As we started making this dish, Takahashi said, "Oh, boy I know what you're thinking. We are using the same seasoning in every dish. But just wait until you taste." She was right, we put practically the same thing on the tofu, but it was totally different with the chicken. This cold chicken has an exceptionally lovely flavor. 4 chicken breast halves Salt 6 tablespoons sake' (substitute dry sherry) 1 inch fresh ginger, sliced into 6 pieces 2 scallions, cut into 2 inch lengths Garnish: Chopped scallion, grated ginger and soy sauce

Prick holes in chicken with fork or chopstick. Sprinkle with salt and sake' rubbing with fingers to get seasoning into the flesh. Let stand 10 minutes. Lay pieces skin side up in shallow pan, scatter ginger and scallion pieces over chicken. Place pan, unncovered, in a steamer and steam over fairly high heat 15 minutes or until chicken is just tender. (If you don't have a steamer, place chicken pieces in a shallow foil-lined pan, add seasonings, cover tightly with foil which has been pricked in several places with a fork, cook in a 400-degree oven 30 minutes or until tender. Cool. Chill until ready to serve.

Slice thinly or shred with a sharp knife. Place on a platter, sprinkle with scallions sliced thinly, very small amount of grated ginger and soy sauce. ONIGIRI (Rice balls wrapped in seaweed)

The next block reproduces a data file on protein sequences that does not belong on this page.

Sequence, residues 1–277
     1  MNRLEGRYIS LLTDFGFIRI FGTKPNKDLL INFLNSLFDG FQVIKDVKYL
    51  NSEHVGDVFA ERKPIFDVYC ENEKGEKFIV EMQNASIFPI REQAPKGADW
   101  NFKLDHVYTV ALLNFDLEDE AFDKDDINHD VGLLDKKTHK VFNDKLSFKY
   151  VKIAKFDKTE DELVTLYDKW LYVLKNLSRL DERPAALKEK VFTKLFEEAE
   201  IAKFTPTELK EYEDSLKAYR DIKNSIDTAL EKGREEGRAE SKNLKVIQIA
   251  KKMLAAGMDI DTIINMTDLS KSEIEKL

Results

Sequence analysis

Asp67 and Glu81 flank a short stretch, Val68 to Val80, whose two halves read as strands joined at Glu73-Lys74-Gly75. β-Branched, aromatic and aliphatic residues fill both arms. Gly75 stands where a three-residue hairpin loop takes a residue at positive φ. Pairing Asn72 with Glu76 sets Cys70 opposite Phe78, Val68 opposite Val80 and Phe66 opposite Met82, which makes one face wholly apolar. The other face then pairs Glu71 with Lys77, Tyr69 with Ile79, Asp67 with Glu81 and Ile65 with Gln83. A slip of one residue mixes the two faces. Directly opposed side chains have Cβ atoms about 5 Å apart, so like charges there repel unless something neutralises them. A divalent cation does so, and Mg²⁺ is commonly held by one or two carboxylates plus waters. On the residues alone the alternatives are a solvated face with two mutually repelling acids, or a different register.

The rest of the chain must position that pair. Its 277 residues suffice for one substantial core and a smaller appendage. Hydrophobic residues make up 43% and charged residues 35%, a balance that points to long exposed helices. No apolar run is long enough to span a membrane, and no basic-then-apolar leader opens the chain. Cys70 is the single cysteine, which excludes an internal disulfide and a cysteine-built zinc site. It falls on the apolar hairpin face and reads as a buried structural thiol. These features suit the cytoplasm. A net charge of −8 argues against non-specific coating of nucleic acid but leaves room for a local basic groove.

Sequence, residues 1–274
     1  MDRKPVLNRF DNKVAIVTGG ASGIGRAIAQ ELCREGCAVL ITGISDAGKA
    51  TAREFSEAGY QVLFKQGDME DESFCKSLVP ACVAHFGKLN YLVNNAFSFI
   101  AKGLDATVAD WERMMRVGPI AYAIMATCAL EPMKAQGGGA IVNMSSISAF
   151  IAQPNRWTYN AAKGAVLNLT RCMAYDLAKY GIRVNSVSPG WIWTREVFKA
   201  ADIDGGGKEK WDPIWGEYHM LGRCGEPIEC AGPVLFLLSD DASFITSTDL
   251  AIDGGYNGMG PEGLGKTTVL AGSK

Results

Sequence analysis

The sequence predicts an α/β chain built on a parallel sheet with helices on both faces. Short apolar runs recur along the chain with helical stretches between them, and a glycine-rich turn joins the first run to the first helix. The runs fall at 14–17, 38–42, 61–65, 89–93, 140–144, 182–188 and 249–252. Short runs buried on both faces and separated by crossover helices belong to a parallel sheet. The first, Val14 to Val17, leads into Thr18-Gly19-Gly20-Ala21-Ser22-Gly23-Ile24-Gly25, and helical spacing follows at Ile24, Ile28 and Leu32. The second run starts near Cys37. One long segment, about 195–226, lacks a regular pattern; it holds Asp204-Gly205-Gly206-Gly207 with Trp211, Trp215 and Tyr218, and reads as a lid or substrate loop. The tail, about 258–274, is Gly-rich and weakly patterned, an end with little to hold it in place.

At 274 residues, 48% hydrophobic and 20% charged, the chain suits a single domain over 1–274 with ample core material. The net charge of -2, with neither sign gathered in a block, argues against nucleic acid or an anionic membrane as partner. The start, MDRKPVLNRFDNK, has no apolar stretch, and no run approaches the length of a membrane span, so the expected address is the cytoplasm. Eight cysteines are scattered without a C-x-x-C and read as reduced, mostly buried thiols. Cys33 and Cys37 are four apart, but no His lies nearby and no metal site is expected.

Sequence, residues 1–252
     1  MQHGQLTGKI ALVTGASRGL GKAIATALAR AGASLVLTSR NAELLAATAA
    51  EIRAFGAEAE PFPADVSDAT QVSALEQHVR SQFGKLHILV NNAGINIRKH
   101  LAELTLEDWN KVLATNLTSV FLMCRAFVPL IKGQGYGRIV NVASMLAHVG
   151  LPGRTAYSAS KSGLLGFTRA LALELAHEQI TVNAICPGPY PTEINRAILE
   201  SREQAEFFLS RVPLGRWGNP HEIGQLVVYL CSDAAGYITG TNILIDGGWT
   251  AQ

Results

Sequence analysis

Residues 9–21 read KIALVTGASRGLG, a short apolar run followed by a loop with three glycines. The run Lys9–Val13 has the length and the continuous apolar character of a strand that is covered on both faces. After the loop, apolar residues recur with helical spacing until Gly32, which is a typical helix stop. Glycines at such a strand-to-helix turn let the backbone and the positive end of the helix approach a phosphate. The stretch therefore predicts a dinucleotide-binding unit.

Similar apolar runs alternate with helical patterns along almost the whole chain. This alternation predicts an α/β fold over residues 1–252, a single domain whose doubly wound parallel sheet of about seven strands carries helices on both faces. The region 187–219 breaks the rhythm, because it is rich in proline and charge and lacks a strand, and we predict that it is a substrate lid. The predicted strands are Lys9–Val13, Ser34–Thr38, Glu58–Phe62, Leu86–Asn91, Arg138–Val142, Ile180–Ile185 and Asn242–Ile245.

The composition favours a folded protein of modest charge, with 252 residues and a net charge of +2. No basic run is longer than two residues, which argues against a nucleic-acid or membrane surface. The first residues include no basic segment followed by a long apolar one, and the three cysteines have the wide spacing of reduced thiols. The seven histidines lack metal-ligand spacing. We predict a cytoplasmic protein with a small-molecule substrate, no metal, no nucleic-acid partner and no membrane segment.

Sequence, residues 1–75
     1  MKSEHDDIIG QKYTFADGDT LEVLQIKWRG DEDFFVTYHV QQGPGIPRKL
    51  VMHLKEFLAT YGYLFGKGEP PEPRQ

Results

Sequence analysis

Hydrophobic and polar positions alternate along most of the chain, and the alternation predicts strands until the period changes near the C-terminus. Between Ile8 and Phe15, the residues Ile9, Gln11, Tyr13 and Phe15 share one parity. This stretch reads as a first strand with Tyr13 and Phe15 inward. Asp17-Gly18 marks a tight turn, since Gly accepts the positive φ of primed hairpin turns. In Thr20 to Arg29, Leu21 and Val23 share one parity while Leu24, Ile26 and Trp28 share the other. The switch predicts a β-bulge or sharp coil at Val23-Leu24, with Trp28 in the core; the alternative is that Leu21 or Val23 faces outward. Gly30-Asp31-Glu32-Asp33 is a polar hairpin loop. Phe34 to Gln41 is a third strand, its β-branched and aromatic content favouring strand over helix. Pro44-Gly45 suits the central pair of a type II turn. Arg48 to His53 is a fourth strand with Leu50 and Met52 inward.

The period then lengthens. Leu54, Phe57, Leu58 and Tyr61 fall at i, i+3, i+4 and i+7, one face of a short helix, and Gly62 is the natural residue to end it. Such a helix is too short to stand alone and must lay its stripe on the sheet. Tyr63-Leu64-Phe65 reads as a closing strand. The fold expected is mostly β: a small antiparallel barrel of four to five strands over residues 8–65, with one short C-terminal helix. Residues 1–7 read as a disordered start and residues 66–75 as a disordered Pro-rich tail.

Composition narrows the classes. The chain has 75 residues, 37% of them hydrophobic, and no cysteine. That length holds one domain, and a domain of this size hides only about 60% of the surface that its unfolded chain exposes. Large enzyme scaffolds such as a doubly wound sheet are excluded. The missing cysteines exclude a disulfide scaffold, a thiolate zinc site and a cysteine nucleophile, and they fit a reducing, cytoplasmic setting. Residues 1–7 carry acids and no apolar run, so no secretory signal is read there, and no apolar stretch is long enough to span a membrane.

Japanese meals often end with rice and pickles as a desert. Takahashi showed us a traditional combination that in Japan is the equivalent of our sandwich. She brought out a pot of warm cooked short grain rice, dipped her hands in ice water, sprinkled them with salt, and then molded rice in her left hand cupped to from a triangle. The idea is to press the rice firmly but gently, only hard enough to make grains of rice stick together. Sometimes a pickle is molded inside, or a piece of salted fish. In this case, Takahashi sprinkled the triangle shape with "sprinkle seasonings," little packets of mixed seasonings sold in oriental markets. Dried bonito flakes or black sesame seeds can also be used. The rice mold is then wrapped in a wide strip of nori seaweed. These can be made in round or oval shapes, placed in a pretty basket, decorated with a couple of leaves and served to the guests as finger food.

Many American cookbook writers, captivated by Japanese cuisine, have visited Kyoto to learn from Buddhist Abbess Soei Yoneda, author of "Good Food From A Japanese Temple," ($16.95) and the Osaka Culinary Institute to see Shizuo Tsuji, author of the highly regarded new book "Japanese Cooking, a Simple Art," ($18.75). Both are published by Kodansha International.